Goose! How does this 'self test guide' work? Also, thx for the help everyone. I was freaking out for days. I'll try replacing the psu when i get home.

#10 killerx525

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Posted 22 January 2011 - 12:14 AM

You could borrow a spare psu from a friend or from a relative.

>Michael 
System1: CPU- Intel Core i7-5820K @ 4.4GHz, CPU Cooler- Noctua NH-D14, RAM- G.Skill Ripjaws 16GB Kit(4Gx4) DDR3 2133MHz, SSD/HDD- Samsung 850 EVO 250GB/Western Digital Caviar Black 1TB/Seagate Barracuada 3TB, GPU- 2x EVGA GTX980 Superclocked @1360/MHz1900MHz, Motherboard- Asus X99 Deluxe, Case- Custom Mac G5, PSU- EVGA P2-1000W, Soundcard- Realtek High Definition Audio, OS- Windows 10 Pro 64-Bit
Games: APB: Reloaded, Hours played: 3100+  System2: Late 2011 Macbook Pro 15inch   OFw63FY.png


#11 datastream

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Posted 22 January 2011 - 12:31 AM

i would also agree with the power supply, but you could try clearing the cmos first. take out the cmos battery and the ram, unplug the machine, and then hold the power button down for about 5 seconds to discharge all the electricity in the system. after that put all of the components back in, plug it in and try to boot.

#12 troublesh00ter

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Posted 22 January 2011 - 03:25 PM

It's just a self help guide that I wrote in OpenOffice. I've got a lot of self help guides for hardware and several very specific errors in Windows ;)

I'd have to email it or put it up somewhere for you to download.
for3ver,
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#13 the_patriot11

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Posted 22 January 2011 - 04:20 PM

eh found it this is easier I think.

When a computer begins the boot process the motherboard initiates the start up of the PSU. Because of this it is difficult to determine whether the problem is with the motherboard or the PSU when a computer shows no signs of starting up. The purpose of the procedure is to determine if the problem is with the motherboard or the PSU. For safety purposes please follow the instructions step by step.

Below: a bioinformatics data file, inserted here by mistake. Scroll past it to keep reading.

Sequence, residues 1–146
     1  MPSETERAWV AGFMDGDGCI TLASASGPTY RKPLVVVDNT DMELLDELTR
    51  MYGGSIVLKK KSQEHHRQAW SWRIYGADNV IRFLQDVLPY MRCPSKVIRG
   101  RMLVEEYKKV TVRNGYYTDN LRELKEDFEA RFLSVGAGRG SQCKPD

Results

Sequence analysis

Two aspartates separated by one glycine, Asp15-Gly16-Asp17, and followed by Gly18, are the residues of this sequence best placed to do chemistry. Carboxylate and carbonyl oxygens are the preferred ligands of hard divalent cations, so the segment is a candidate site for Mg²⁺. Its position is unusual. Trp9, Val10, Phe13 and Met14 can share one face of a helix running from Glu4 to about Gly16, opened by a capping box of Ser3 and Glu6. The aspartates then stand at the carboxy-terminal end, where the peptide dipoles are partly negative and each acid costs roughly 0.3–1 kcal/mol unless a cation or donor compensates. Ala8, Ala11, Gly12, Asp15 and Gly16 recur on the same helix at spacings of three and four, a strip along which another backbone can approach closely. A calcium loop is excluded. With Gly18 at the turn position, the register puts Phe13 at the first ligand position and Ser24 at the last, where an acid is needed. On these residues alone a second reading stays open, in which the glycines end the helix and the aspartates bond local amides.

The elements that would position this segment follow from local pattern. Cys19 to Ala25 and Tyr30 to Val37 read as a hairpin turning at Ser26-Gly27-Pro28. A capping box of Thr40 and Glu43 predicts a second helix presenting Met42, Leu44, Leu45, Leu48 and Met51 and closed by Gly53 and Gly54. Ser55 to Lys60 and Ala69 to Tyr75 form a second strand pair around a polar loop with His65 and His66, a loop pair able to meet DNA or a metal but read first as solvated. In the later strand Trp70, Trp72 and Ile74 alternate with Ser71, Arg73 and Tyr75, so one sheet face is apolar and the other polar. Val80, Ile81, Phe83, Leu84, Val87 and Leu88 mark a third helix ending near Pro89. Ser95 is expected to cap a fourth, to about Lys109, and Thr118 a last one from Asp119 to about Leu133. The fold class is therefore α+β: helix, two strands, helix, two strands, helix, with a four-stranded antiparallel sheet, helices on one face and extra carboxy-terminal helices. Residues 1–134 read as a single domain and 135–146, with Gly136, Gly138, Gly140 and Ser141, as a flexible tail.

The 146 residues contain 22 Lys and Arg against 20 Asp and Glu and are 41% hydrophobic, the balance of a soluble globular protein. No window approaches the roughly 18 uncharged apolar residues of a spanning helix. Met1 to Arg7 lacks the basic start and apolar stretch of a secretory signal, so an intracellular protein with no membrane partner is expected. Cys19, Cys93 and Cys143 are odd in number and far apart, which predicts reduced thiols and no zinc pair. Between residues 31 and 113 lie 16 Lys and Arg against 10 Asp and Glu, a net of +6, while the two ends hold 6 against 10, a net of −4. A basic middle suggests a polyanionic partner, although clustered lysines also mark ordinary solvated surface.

This test is for ATX PSUs. Some manufacturers use non-ATX PSUs with 20/24 pin connectors that do not have the same pinout as a ATX PSU.

Caution:
This procedure will involve working with live 12VDC electrical potentials which if handled improperly may lead to electrical shock. Proper precautions should also be taken to prevent electrostatic discharges (ESDs) within the case of the computer. For safety purposes please follow the instructions step by step.

First, shutdown your computer. Then unplug the power cable going into your computer.

Once you have opened the case, touch the metal of the case to discharge any static electricity.

The connector of the PSU which connects to the motherboard is readily recognizable by the number of wires in the bundle. To disconnect it you will need to press on the plastic clip to disengage it and then pull the connector up and away from the motherboard. Please take notice of the location of the locking tab and the notch on the socket of the motherboard, this will only connect one way as it is keyed. This wire bundle will have a memory of the way it has been installed and will want to bend back that direction, you may have to play around with it to find a position that the connector will stay in the same position while you run the test.

Posted Image
www.playtool.com

From the top left to right the pins are 13-24, the bottom from left to right are 1-12.


Please notice that there are PSUs with 24 pin and 20 pin connectors, the location of the green wire in the 24 pin connector is #16, and the green wire in the 20 pin connector is #14. If you look at the connector with socket side facing you and the clip on the top the number one pin will be on the bottom left corner. This makes the pin out for the 24 pin connector from left to right 13-24 on top, and 1-12 on the bottom. The pin out for the 20 pin connector from left to right is 11-20 on top , and 1-10 on the bottom. If you look at the connectors you notice that these are sockets that fit over the pins on the motherboard where the PSU cable attaches, this is where you will place the jumper. For a jumper you will need a piece of solid wire about the size of a paper clip (20-22 awg), preferably a wire with insulation. It will need to be large enough to fit firmly into the socket so that it will not need to be held in place while testing. You are at risk of electrical shock if you are holding the jumper when you power up the PSU. Insert one end of the jumper into the socket of the Green wire, and insert the other end into the socket of any Black wire.

Once the jumper is in place plug the cord back in. If the PSU is working properly the case fans, optical drives, hdds, and LEDs should power up and remain on. I would suggest that you not leave this connected any longer than is necessary for safety purposes.

To reconnect the 20/4 pin connector unplug the power cord, remove the jumper, and reconnect the connector. Take a moment at this time to make sure that nothing has been dislodged inside the case.

picard5.jpg

 

Primary system: Motherboard: ASUS M4A89GTD PRO/USB3, Processor: AMD Phenom II x4 945, Memory: 16 gigs of Patriot G2 DDR3 1600, Video: AMD Sapphire Nitro R9 380, Storage: 1 WD 500 gig HD, 1 Hitachi 500 gig HD, and Power supply: Coolermaster 750 watt, OS: Windows 10 64 bit. 

Media Center: Motherboard: Gigabyte mp61p-S3, Processor: AMD Athlon 64 x2 6000+, Memory: 6 gigs Patriot DDR2 800, Video: Gigabyte GeForce GT730, Storage: 500 gig Hitachi, PSU: Seasonic M1211 620W full modular, OS: Windows 10.

If I don't reply within 24 hours of your reply, feel free to send me a pm.